Conclusively settled. Upon acceptance by the State Tax Assessor, your liability will be conclusively settled and neither you nor MRS may reopen the case unless there has been falsification or concealment of assets on your part or there has been a mutual mistake of a material fact.
Default. If you default on the agreement, you will be held responsible for the full amount of your tax liability including any additional interest or penalty accruals. Upon default, any payments made will be applied against your original tax liability and enforced collection measures may be used, without further warning, to collect the balance of the debt.
Example 1: John has a history of repeatedly failing to file his tax returns, being audited and paying up only after the audit. This time, John submits an offer in compromise instead of paying the bill in full. The offer may be rejected if John’s compliance history indicates he will continue his historical pattern.
Example 2: Jane has rebuffed all collection efforts until a notice of intent to revoke her seller’s certificate is delivered to her business. Jane files an offer in compromise proposing to pay part of the amount owed two years after acceptance in full settlement of the liability. This offer may be rejected as another attempt to avoid payment of the taxes due.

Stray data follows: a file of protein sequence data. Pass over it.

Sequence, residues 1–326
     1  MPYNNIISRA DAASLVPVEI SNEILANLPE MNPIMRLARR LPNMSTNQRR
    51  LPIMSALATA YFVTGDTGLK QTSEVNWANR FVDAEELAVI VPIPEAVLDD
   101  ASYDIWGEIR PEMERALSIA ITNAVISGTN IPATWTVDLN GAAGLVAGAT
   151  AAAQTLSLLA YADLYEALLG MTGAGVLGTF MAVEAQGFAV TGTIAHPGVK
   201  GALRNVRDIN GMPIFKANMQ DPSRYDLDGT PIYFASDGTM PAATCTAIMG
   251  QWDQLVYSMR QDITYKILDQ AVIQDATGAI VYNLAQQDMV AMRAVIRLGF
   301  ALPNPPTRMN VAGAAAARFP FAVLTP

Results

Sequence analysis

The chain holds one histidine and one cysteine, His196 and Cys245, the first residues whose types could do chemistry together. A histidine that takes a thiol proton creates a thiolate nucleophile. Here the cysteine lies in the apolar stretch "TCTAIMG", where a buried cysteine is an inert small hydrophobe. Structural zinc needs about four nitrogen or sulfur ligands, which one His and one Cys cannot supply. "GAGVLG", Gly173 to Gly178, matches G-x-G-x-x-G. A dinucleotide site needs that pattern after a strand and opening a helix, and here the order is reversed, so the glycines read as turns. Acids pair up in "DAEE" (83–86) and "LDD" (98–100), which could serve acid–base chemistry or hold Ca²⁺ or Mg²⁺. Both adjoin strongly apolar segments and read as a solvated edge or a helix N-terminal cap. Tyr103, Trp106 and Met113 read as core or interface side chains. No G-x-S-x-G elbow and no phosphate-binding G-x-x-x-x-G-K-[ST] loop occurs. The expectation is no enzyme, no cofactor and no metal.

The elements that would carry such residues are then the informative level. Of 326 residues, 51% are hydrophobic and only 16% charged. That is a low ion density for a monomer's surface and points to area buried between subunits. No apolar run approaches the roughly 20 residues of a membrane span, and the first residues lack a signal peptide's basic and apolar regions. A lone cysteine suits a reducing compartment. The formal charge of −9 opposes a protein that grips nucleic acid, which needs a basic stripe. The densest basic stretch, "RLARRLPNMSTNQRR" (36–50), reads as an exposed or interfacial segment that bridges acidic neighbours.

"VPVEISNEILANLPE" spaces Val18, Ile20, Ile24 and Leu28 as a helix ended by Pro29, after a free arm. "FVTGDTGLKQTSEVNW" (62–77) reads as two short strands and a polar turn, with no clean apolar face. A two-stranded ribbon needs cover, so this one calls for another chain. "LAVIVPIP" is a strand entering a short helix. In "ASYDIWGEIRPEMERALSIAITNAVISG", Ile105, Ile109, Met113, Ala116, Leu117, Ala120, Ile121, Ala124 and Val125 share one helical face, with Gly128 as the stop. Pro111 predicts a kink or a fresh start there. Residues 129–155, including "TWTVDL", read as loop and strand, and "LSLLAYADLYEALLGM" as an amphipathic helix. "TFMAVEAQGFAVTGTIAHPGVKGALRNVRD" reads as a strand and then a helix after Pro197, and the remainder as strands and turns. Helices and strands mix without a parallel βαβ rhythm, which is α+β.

Example 3: Mike is the owner and manager of Mike’s Pub. Upon being assessed by the state as a responsible person for the unpaid sales and withholding taxes, he transfers title to his house to his wife for nominal consideration; he doesn’t appeal the assessment but ultimately submits an offer in compromise, and doesn’t list the house as an asset. This offer may be rejected based on the apparent attempt to place assets beyond the state’s reach.
Example 4: Paul has a retirement account worth $1,000,000 which is protected from his creditors but from which he is receiving monthly payments. He has the ability to withdraw funds if he chooses to pay his $50,000 tax bill. He proposes to make an offer in compromise using funds received on a monthly basis from his retirement plan although he could pay in full by making a withdrawal. This offer is likely to be rejected based on his ability to pay in full.